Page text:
11.4 • The SN1 Reaction
Most nucleophilic substitutions take place by the SN2 pathway just discussed. The reaction is favored when carried out with an unhindered substrate and a negatively charged nucleophile in a polar aprotic solvent, but is disfavored when carried out with a hindered substrate and a neutral nucleophile in a protic solvent. You might therefore expect the reaction of a tertiary substrate (hindered) with water (neutral, protic) to be among the slowest of substitution reactions. Remarkably, however, the opposite is true. The reaction of the tertiary halide 2-bromo-2-methylpropane (CH3)3CBr with H2O to give the alcohol 2-methyl-2-propanol is more than 1 million times faster than the corresponding reaction of CH3Br to give methanol.
What’s going on here? A nucleophilic substitution reaction is occurring—a hydroxyl group is replacing a halogen—yet the reactivity order seems backward. These reactions can’t be taking place by the SN2 mechanism we’ve been discussing, so we must therefore conclude that they are occurring by an alternative substitution mechanism. This alternative mechanism is called the SN1 reaction, for substitution, nucleophilic, unimolecular.
In contrast to the SN2 reaction of CH3Br with OH–, the SN1 reaction of (CH3)3CBr with H2O has a rate that depends only on the alkyl halide concentration and is independent of the H2O concentration. In other words, the process is a first-order reaction; the concentration of the nucleophile does not appear in the rate equation.
To explain this result, we need to know more about kinetics measurements. Many organic reactions occur in several steps, one of which usually has a higher-energy transition state than the others and is therefore slower. We call this step with the highest transition-state energy the rate-limiting step, or rate-determining step. No reaction can proceed faster than its rate-limiting step, which acts as a kind of traffic jam, or bottleneck. In the SN1 reaction of (CH3)3CBr with H2O, the fact that the nucleophile concentration does not appear in the first-order rate equation means that it is not involved in the rate-limiting step and must therefore be involved in some other, non-rate-limiting step. The mechanism shown in Figure 11.9 accounts for these observations.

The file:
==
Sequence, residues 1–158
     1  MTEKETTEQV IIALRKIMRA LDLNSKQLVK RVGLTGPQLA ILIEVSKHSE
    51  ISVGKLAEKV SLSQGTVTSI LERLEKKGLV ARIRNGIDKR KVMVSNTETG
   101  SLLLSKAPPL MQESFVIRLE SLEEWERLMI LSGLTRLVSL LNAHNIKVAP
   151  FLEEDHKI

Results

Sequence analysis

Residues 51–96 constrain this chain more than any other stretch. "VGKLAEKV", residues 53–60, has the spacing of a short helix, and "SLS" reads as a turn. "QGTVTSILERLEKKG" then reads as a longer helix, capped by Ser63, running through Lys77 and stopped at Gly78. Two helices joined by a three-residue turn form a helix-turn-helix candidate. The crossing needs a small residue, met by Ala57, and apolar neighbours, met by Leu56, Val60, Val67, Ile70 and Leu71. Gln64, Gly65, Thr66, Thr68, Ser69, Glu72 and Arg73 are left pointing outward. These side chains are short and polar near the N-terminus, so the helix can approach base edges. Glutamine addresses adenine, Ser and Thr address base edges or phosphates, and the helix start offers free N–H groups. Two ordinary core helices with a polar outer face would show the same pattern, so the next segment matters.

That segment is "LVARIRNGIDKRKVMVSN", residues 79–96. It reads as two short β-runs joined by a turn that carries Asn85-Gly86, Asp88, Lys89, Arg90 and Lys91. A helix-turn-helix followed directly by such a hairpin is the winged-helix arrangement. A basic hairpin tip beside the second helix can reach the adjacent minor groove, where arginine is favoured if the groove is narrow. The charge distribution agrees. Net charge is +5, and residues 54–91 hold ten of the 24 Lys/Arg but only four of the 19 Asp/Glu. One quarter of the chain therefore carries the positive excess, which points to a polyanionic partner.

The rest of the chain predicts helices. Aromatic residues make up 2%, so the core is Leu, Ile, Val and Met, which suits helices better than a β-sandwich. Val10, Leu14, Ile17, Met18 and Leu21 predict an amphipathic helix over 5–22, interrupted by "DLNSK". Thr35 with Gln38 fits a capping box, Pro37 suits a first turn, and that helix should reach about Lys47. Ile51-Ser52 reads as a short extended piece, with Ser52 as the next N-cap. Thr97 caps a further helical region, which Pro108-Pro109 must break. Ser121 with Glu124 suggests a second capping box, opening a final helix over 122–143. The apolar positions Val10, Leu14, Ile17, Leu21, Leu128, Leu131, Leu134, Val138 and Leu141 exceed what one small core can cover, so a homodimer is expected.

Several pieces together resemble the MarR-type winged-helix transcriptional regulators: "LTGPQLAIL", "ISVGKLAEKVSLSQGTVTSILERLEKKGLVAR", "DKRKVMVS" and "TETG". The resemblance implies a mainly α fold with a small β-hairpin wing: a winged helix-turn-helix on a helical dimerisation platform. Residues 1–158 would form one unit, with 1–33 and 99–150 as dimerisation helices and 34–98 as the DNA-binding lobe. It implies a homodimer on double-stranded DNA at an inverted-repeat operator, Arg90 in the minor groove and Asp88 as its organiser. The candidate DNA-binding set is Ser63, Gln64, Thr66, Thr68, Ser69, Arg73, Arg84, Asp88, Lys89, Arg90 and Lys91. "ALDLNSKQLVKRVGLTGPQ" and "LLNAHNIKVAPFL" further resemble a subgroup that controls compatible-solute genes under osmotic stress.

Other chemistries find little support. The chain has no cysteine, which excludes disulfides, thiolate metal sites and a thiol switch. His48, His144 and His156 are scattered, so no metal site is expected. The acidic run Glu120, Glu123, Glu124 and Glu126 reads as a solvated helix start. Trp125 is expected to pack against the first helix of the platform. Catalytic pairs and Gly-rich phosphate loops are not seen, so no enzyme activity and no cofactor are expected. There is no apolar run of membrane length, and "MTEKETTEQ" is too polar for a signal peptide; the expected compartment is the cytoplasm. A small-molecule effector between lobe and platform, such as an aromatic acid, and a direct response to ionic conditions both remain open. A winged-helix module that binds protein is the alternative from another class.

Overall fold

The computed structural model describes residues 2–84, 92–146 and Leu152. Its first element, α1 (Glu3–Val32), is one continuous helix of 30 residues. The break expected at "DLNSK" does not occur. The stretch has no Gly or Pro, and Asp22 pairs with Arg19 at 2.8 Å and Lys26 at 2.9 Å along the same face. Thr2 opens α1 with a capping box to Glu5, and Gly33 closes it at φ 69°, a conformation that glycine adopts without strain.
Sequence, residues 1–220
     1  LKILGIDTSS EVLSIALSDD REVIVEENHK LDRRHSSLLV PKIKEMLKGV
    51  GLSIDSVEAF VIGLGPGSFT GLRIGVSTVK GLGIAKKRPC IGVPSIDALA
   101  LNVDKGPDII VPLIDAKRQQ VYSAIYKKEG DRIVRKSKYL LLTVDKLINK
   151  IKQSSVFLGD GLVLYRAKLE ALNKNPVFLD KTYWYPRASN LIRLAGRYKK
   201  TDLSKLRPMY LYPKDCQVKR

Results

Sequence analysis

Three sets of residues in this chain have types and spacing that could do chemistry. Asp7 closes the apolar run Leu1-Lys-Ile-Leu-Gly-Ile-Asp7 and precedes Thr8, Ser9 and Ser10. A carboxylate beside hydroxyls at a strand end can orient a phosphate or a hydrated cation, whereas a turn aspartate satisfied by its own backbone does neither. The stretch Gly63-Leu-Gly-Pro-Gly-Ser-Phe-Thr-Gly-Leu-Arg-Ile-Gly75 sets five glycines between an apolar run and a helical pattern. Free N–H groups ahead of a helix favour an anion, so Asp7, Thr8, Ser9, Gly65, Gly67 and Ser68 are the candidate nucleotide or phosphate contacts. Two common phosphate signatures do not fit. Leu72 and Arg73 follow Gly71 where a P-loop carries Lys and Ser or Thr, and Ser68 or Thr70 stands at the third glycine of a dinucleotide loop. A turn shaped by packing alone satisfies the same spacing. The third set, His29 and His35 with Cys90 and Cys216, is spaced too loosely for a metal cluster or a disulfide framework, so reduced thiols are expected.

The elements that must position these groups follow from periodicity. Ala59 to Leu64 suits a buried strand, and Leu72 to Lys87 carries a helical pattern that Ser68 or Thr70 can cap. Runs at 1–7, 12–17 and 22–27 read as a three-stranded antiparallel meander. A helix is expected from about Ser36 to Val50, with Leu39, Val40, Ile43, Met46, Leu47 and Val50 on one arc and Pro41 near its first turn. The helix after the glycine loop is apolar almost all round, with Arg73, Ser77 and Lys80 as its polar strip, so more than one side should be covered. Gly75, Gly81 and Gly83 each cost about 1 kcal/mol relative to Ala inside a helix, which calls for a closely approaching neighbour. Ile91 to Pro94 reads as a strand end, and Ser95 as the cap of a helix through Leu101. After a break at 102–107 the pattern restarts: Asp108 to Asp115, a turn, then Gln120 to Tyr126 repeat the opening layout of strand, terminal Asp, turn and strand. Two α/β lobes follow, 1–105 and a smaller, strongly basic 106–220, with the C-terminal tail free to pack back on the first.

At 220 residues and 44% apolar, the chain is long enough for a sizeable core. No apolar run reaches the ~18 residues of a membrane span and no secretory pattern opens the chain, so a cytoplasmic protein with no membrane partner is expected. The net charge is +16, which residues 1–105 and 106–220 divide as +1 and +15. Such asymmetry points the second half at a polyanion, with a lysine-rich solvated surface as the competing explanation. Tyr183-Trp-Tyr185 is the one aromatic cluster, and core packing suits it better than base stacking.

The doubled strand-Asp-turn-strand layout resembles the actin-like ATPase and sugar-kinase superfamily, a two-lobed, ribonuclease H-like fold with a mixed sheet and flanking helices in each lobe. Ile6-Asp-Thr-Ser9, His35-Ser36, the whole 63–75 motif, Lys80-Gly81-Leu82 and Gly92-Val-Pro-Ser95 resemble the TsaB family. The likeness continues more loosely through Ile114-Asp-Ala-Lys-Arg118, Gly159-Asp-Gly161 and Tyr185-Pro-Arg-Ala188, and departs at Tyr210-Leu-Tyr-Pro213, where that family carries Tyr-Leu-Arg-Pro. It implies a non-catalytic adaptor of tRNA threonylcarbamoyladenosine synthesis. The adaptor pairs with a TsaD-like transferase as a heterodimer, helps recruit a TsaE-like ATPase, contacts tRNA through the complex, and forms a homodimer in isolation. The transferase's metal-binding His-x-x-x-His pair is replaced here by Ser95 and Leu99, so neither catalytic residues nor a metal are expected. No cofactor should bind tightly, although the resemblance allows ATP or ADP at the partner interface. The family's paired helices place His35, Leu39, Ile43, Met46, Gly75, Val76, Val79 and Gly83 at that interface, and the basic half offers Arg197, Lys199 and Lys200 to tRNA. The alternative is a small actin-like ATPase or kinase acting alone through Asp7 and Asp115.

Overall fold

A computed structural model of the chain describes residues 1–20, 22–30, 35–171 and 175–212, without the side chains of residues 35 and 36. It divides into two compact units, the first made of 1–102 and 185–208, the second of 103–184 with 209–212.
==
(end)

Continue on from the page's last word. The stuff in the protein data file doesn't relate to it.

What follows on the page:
Unlike what occurs in an SN2 reaction, where the leaving group is displaced while the incoming nucleophile approaches, an SN1 reaction takes place by loss of the leaving group before the nucleophile approaches. 2-Bromo-2-methylpropane spontaneously dissociates to the tert-butyl carbocation (CH3)3C+, plus Br– in a slow, rate-limiting step, and the intermediate carbocation is then immediately trapped by the nucleophile water in a faster second step. Thus, water is not a reactant in the step whose rate is measured. The energy diagram is shown in Figure 11.10.
Because an SN1 reaction occurs through a carbocation intermediate, its stereochemical outcome is different from that of an SN2 reaction. Carbocations, as we’ve seen, are planar, sp2-hybridized, and achiral. Thus, if we carry out an SN1 reaction on one enantiomer of a chiral reactant and go through an achiral carbocation intermediate, the product loses its optical activity (Section 8.12). That is, the symmetrical intermediate carbocation can react with a nucleophile equally well from either side, leading to a racemic, 50 : 50 mixture of enantiomers (Figure 11.11).
The conclusion that SN1 reactions on enantiomerically pure substrates should give racemic products is nearly, but not exactly, what is found. In fact, few SN1 displacements occur with complete racemization. Most give a minor (0–20%) excess of inversion. The reaction of (R)-6-chloro-2,6-dimethyloctane with H2O, for example, leads to an alcohol product that is approximately 80% racemized and 20% inverted (80% R,S + 20% S is equivalent to 40% R + 60% S).
This lack of complete racemization in SN1 reactions is due to the fact that ion pairs are involved. According to this explanation, first proposed by Saul Winstein at UCLA, dissociation of the substrate occurs to give a structure in which the two ions are still loosely associated and in which the carbocation is effectively shielded from reaction on one side by the departing anion. If a certain amount of substitution occurs before the two ions fully diffuse apart, then a net inversion of configuration will be observed (Figure 11.12).